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Thoughts of apple crisp and what's wrong with health care

For What It's Worth
Lead Summary
Rick Peterson, Tollefson Publishing General Manager

October is here and as far as I’m concerned, it’s the best time of the year. If you want, you can get a football fix five nights a week at some level. Harvest is underway, cooler days and nights are the norm, and best of all, pheasant season opens this Saturday.
With the good, there is always a little bad, and that is where shorter daylight hours, Asian beetles and flies come in.
With the changing of the seasons comes the changing of seasonal culinary delights.
My list of fall favorites includes apple crisp, squash, brats for the football game, Octoberfest beer, a good batch of chili.
The aromas the fall brings are worth a sniff or two, like the smell of leaves that have fallen to the damp ground after a heavy frost. The smell of leaves burning brings back childhood memories — when you could rake your leaves onto a pile and drop a match and watch them burn.
By the way, that apple crisp that I like to eat so much is probably because it smells so good when it comes out of the oven.
Hooded sweatshirts become my “go to” weekend favorites, and I bring my sweaters back into the work attire rotation. Golf clubs are replaced with a shotgun, and the golf shoes are replaced with hunting boots.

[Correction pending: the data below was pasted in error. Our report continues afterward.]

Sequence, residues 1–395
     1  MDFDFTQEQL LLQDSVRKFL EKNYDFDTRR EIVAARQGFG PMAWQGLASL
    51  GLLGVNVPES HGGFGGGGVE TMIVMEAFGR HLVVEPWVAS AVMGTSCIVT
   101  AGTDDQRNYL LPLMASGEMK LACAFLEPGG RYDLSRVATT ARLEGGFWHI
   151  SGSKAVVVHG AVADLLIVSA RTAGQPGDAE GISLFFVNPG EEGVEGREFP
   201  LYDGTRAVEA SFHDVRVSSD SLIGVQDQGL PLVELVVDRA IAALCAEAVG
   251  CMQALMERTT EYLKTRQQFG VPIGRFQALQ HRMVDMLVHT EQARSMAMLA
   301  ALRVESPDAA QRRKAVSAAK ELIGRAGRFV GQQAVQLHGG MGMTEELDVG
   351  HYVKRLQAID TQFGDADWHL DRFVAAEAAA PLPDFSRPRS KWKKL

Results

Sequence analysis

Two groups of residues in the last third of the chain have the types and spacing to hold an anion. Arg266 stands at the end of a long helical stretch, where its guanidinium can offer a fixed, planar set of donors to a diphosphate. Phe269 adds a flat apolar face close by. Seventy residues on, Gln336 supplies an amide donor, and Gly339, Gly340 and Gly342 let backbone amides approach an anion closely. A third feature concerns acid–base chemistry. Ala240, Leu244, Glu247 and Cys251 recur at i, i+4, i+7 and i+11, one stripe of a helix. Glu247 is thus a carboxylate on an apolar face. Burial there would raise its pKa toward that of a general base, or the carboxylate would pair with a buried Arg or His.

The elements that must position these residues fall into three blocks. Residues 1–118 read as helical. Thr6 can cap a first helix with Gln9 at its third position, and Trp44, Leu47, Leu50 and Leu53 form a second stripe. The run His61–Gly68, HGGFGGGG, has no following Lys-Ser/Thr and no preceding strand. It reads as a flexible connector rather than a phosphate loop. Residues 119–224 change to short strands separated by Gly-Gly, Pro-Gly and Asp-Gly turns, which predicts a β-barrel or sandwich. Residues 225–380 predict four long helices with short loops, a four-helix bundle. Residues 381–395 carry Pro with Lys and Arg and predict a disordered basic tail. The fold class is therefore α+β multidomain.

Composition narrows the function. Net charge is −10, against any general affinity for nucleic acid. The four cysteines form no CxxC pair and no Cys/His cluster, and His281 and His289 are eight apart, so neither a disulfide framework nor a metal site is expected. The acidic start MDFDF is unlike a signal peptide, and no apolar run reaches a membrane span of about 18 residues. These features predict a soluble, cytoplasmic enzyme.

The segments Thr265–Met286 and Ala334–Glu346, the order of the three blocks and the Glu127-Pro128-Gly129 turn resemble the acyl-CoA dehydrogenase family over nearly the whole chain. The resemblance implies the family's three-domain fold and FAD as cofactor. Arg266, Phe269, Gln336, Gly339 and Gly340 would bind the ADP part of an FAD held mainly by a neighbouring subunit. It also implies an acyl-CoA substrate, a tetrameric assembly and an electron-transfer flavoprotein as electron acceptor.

Unfortunately, jeans take over for my shorts and my T-shirts are no longer outer wear.
Here is an abrupt change in subject for no other reason than I mentioned these two things before I forget to.
I walk my dogs on a gravel road near the airport, and throughout the spring, summer and fall when the wind will allow, the skydiving club takes advantage of the calm days to jump out of a perfectly good airplane. This past Sunday was one of those days. As I walked down the road, I could hear the hum of the airplane up above. It generally takes a few minutes to find the plane in the sky, and it seems to take forever for the plane to get to the altitude where the skydivers exit the plane.
Once they jump and their parachutes deploy, I can’t help but stop my walk and watch them float back to earth. Now, that is something you don’t see every day, unless you live in Luverne. Then it’s rather commonplace. How cool is that?
Last thing, if you didn’t read Brenda Winter’s column in last week’s Star Herald on this page, you need to. It’s a perfect example of what is wrong with the health care system in this country. If this system isn’t changed or fixed in some way, it will ruin the country financially.

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